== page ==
According to an official from the Ministry of Commerce, the decrease in imports during the month of January was attributed to the implementation of the Make in India initiative. In December, there was also a decline in imports, which amounted to 3.46 percent. Nonetheless, when examining the performance of various manufacturing sectors, it is difficult to feel optimistic about the extent to which Make in India has succeeded.

The reality of the manufacturing sector’s problems is much graver than what is suggested by the headline figure in the Index of Industrial Production (IIP). The headline figure reveals that manufacturing grew by a meagre 2.6 percent in December, a sharp drop from November’s growth of 6.4 percent.

Manufacturing has declined twice out of the nine months so far, with a drop of 5.9 percent in October and 0.4 percent in August. In the first nine months of the fiscal year 2022-23, manufacturing increased by only 4.8 percent, which is a significant drop from the 16.1 percent increase during the same period of the previous year. However, last year’s growth figures cannot be considered accurate due to the low base caused by Covid-induced lockdowns in 2020-21. This 4.8 percent growth also occurred primarily due to two high-growth months, May and June, which saw a growth rate of 20.7 percent and 12.9 percent, respectively, mainly due to the low base in the previous month due to the second Covid wave.

However, the situation is much graver as demonstrated by the fact that 11 manufacturing industries displayed a decline in output during December, which accounts for nearly half of the total 23 industries.

Moreover, these industries comprised both labor-intensive segments like textiles, apparel, and leather, as well as technologically advanced products such as computers, electronics, and optical products. December was not the only month that witnessed a high number of industries showing a decline in production, but it was the second-highest this fiscal year. In October, production in 17 segments experienced a contraction. Since July, at least seven industries have exhibited a decline in production.

Labor-intensive industries like textiles and leather were particularly affected during these months. For instance, textiles experienced a decline of 8.5 percent and leather a decline of 5.8 percent in the first nine months of the current fiscal year, even after accounting for the skewed performance in May. Textiles had also dropped by 3 percent in June, and leather saw a meagre YoY growth of just 0.9 percent in the same month. These two industries experienced a decline in spite of a fall in the corresponding period of the previous year as well.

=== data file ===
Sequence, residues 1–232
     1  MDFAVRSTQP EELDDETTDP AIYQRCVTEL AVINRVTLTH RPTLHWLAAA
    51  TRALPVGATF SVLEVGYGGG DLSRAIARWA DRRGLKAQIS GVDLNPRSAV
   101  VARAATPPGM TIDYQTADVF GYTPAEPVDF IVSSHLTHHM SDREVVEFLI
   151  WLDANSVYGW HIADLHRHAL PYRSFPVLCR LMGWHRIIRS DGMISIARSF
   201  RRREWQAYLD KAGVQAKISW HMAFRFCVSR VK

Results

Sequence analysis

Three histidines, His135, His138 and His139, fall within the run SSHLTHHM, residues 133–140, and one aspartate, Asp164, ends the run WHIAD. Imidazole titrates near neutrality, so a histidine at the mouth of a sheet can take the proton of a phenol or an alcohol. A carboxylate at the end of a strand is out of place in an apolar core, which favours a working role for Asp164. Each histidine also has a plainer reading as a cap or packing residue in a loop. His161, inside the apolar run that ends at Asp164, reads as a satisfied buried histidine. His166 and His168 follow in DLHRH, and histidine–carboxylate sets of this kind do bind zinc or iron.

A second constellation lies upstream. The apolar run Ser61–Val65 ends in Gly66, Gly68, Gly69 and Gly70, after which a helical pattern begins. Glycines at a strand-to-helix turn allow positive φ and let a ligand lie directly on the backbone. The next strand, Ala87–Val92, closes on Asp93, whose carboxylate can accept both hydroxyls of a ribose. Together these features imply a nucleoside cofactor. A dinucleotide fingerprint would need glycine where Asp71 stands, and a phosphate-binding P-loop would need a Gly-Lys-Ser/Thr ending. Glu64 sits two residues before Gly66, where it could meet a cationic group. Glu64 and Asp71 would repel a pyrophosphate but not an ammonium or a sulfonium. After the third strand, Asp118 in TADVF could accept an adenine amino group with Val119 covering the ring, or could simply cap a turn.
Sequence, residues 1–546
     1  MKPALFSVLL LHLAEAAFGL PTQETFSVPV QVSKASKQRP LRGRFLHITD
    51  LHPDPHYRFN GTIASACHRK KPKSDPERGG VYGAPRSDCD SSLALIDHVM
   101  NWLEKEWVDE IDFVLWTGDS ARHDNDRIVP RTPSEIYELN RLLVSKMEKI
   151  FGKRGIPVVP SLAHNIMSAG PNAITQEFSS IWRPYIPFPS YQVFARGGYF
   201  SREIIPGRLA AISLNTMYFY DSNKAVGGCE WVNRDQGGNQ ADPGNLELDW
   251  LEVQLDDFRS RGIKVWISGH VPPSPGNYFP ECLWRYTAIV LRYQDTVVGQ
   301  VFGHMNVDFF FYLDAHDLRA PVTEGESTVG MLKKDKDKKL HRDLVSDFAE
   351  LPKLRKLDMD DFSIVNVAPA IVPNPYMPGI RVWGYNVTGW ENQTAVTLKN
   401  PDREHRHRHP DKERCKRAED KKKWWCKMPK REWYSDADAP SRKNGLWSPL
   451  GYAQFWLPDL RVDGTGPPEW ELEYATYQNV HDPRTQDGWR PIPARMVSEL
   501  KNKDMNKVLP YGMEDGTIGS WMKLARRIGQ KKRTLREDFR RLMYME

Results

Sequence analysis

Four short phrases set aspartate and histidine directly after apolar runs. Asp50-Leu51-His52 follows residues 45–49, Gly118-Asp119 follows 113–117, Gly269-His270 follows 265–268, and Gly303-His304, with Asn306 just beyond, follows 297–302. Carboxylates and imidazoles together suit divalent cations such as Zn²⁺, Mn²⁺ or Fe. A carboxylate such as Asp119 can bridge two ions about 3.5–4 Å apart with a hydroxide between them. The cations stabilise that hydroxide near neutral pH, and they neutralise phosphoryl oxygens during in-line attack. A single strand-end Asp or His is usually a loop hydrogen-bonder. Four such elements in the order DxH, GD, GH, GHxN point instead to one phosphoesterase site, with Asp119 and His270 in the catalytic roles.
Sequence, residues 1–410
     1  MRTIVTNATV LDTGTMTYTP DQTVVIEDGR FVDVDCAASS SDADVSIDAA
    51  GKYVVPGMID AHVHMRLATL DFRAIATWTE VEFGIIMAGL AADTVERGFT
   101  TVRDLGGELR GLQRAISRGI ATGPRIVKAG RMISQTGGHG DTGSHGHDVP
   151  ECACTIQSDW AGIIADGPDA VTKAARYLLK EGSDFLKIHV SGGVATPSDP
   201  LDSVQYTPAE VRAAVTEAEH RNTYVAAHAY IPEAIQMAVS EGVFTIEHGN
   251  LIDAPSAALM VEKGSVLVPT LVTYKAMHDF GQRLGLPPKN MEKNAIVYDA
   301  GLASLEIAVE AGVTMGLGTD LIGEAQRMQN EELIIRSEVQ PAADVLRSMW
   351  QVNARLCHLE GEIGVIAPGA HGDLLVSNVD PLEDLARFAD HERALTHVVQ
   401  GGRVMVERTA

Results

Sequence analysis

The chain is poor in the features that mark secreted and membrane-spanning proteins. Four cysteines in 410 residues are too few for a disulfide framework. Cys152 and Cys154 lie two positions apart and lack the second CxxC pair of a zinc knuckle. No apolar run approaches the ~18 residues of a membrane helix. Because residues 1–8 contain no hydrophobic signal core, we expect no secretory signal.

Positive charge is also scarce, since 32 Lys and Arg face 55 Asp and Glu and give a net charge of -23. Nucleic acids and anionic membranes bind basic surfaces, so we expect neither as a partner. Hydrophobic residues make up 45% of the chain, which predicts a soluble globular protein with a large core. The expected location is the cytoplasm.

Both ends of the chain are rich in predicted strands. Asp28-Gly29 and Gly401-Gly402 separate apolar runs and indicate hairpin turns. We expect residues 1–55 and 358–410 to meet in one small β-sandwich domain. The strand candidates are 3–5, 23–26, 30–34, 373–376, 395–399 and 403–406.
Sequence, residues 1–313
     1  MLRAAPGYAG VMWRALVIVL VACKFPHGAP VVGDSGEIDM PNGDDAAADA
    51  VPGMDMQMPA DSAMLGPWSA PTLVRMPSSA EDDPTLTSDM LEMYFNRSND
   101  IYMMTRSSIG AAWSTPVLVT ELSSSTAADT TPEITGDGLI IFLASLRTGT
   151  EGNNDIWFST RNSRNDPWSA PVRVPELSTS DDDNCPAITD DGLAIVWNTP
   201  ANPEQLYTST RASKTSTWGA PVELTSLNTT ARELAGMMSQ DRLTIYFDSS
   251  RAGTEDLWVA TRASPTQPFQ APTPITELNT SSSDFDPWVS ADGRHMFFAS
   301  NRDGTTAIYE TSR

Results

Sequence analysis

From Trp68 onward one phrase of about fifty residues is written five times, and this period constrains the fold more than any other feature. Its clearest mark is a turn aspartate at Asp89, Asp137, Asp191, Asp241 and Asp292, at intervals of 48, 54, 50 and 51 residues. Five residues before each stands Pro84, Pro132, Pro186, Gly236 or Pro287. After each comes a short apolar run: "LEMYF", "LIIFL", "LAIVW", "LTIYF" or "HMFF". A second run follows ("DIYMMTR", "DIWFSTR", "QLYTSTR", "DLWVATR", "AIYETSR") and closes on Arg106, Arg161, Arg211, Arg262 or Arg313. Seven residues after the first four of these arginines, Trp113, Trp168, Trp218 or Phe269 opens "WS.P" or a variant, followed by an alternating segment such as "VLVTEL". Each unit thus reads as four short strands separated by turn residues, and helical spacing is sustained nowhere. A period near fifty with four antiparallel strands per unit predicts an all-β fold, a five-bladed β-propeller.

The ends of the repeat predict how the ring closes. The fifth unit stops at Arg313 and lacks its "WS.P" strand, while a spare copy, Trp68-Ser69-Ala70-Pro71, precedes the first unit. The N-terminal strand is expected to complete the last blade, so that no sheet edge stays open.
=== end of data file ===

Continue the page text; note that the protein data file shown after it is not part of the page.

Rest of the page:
According to experts, the decline in manufacturing is attributed to a drop in overseas demand, and the production-linked incentive (PLI) schemes will take some time to generate positive outcomes.

Pronab Sen, a former chief statistician, stated that the PLI scheme is primarily aimed at large firms and focused on exports. He further added that investments in large industries take anywhere from one and a half to two and a half years to yield results, but the current situation is taking longer due to the collapse of overseas demand.

The government introduced the PLI scheme for 13 sectors in an effort to enhance the nation’s capabilities and exports in key sectors.

Ranen Banerjee, Partner at PwC’s Economic Advisory Services, highlighted that the global economic headwinds are impacting the textiles, apparel, leather, and gems and jewelry sectors, resulting in reduced demand for their products. He further added that these industries have witnessed a contraction in exports and have weak order books, with an anticipated further slowdown having a significant impact on their output.

Banerjee also noted that computers and electronic items are showing signs of weakness, which could be attributed to the weakness in the consumer durables sector. He further explained that due to the world moving online during the Covid lockdown, many households purchased these products in very high volumes, and there is a lagged effect as replacement demand is yet to kick in for these products in such households.